especially since it is right where I was born.

    • Yes, The Apalache Chronicles is fairly up to day. It was one of the two books, along with Itsapa, the Itza Mayas in North America, that made everything before then obsolescent.

      The Forgotten History of North Georgia is by far the most current. I just republished it two weeks ago! LOL


    Richard, what a fantastic article! You’ve got my mind ablaze. What do you suppose became of the other later period statues? More shicanery in acedemia? (Sold?)
    Many Thanks, Thunder Eagle
    Grady Vickery, Dahlonega

    • Thank you sir! I think the statues went into private collections of donors to the museums.


    Once again you have proven history can be rewritten from both sides. I have been reading your articles and have noticed as new information comes out you will quickly incorporate it if the evidence backs it up. In other words you will say I’m wrong if you are wrong and are open to new ideas. If more professers took this approach all of sience would benefit. Thank you for all your work,it is being noticed.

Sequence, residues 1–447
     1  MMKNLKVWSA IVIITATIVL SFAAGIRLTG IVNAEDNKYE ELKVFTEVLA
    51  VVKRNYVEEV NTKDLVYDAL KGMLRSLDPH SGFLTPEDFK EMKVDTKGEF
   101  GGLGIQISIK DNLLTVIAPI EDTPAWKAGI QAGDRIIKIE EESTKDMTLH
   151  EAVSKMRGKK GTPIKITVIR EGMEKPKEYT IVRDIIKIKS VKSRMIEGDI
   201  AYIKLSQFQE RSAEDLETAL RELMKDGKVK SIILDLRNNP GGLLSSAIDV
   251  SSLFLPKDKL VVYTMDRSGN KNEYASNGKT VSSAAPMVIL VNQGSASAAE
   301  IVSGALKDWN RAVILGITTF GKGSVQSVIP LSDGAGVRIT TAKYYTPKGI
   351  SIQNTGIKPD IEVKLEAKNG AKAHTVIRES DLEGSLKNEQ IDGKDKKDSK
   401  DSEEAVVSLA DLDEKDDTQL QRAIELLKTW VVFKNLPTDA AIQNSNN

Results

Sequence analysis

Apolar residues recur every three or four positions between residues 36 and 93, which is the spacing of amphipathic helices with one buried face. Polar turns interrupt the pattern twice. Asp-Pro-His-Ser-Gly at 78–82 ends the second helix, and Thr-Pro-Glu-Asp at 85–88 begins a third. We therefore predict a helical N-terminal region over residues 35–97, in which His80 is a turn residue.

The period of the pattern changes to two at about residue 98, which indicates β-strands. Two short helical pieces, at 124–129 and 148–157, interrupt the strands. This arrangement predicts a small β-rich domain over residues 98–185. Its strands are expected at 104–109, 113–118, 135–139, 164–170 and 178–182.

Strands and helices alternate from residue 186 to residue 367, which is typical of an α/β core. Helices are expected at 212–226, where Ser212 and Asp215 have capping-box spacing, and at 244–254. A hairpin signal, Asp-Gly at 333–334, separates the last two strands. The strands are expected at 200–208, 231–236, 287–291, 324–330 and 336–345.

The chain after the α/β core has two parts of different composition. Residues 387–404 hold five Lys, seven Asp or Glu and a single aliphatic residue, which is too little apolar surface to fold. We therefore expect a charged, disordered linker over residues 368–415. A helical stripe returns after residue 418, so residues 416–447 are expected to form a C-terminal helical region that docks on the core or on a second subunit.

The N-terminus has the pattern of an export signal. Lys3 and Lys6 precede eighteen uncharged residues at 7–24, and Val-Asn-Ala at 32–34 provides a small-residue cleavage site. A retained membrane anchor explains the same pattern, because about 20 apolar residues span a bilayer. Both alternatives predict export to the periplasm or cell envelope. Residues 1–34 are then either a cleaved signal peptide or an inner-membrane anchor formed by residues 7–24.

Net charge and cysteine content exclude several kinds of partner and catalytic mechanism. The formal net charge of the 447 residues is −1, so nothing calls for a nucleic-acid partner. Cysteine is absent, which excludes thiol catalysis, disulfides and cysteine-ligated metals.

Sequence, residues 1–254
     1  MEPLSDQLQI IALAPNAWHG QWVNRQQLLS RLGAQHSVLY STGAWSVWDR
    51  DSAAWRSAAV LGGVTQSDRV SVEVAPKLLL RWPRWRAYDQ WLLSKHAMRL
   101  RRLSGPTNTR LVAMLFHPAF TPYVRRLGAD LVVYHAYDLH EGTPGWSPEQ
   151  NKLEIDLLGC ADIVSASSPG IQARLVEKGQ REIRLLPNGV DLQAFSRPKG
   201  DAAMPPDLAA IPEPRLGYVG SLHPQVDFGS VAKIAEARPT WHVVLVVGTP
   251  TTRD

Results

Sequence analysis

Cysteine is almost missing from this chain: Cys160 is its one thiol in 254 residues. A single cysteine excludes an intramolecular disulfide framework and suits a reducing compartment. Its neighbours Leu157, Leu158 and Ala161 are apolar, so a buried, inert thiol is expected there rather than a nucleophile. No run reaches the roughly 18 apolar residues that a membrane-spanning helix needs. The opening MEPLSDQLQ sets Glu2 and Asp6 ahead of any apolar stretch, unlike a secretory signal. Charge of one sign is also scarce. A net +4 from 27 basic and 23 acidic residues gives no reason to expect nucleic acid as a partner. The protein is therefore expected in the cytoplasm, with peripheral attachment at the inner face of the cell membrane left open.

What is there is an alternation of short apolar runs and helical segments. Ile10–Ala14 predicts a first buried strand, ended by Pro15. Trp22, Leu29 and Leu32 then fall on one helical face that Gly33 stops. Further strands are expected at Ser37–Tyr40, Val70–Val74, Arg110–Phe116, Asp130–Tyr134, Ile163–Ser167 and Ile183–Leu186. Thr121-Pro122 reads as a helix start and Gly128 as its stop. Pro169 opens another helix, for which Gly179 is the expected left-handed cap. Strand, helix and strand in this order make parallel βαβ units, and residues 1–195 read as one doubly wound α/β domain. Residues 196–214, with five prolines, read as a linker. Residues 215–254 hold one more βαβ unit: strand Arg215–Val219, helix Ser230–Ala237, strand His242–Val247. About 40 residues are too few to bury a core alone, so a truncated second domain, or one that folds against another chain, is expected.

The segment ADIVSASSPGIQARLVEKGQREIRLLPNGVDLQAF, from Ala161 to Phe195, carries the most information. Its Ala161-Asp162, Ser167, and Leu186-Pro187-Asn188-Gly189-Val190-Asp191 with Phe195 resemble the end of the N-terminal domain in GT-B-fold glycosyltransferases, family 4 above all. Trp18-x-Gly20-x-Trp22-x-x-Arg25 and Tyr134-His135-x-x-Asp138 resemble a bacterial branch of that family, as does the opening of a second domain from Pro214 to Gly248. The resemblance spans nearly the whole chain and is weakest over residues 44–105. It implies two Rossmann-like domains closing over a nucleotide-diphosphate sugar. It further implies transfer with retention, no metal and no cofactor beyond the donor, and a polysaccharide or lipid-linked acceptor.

• You better believe it Wayne. As I told another reader . . . my books before 2012 are obsolescent and basically historical landmarks with nice architectural renderings . . . call them Maya stellae. LOL It seems like every few weeks, I learn something new that negates what I thought were the facts the day before.

      Until early 2014, it never dawned on me that the Middle and Late Woodland cultures in the Lower Southeast may have been sparked by peoples from South America and the Caribbean. The hint has been around for about 20 years. Botanists have known for some time that the varieties of Indian corn, from which modern commercial corn varieties were developed, came from South America. The were the result of the original Mexican corn being cross-pollinated by one or more wild grasses that grow in the temperate regions of the humid Andes Foothills . . . almost the same climate as the Lower Southeast and where these South American immigrants came from. Thanks